By Reed Jaworski
“I choose to spend my day with teenagers, don’t I have to be crazy,” joked Jamesville-DeWitt High School English teacher Terri Eaton. Over her several years at J-DHS she has changed the senior year English curriculum, reinstated the School Store, and brought a unique style to the classroom, both to benefit the students.
Corporate Communications is a class where students learn the fundamentals of marketing and business, and also get to run the School Store. Each year, the students get to pick what charity they are donating to; this year, it will be to various cancer fighting foundations, including the American Cancer Society. Mrs. Eaton said, “It is really rewarding for not only myself, but the students as well, to put our profit to a worthy cause.” Senior Joey Shapiro, a School Store employee, feels like Mrs. Eaton; “It makes me feel like I’m doing something to help people that need it.”
J-DHS principal Paul Gasparini describes Corporate Communications as Mrs. Eaton’s vision. “The School Store’s development, as well as the change in the department, is accredited to Mrs. Eaton,” said Mr. Gasparini. Mrs. Eaton believes Corporate Communications is a great class for any student, as it “teaches students practical skills that will lead to future stability.”
However, such a responsiblity as running a business like the School Store can be tough. Mrs. Eaton says that, sometimes it’s a source of anxiety for her. “It’s busy and stressful, time consuming, yet worthwhile because it is great for the kids,” said Mrs. Eaton. “The worst part is getting students to care and follow through on their agreements,” said Mrs. Eaton. She believes that working with part-time employees really inhibits success and flow. Since the class is only one semester long, students are only running the store for half a year, and they only have the class every other day for 82 minutes.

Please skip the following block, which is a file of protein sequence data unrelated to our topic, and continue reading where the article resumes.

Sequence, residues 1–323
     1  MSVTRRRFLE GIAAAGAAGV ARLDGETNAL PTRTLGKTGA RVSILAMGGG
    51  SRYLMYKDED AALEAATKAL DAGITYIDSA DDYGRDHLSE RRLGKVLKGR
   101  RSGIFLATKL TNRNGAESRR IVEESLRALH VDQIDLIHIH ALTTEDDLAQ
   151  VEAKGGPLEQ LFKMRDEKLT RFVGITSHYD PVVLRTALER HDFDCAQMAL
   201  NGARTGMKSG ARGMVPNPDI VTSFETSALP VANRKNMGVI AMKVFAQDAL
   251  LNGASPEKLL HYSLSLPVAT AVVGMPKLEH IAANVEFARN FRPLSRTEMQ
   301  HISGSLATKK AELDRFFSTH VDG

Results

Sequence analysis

All of her hard work is worth it, though. The School Store has been well-received by the J-DHS student body and faculty as well. “It’s in a better location, and easy to get to,” said sophomore Ben Vahey. Vahey was able to purchase the Triche-Coleman t-shirt from the School Store. “I think it’s awesome. It encouraged students to not only have a School Store, but essentially run it,” said J-DHS English Department Chair Joe Dechick.
Mrs. Eaton believes that the experience students get from running it benefits them. "Education doesn't necessarily translate to success; it is all about experience," said the honest Mrs. Eaton. Although Mrs. Eaton does admit her education from her college alma mater Saint Bonaventure helps her to run this business class, she is a strong believer that her "experience in the marketing field" benefitted her the most as a teacher.
However, Mrs. Eaton didn't originally plan to be a teacher. Initially, she worked as a salesperson, and even earned her bachelor's degree from Saint Bonaventure in business and marketing. During her college years, Mrs. Eaton began coaching swimming and soccer part-time, which lead to her love of educating. This love lead her to go back to college and get certified, earning her master's degree in English education from Le Moyne College.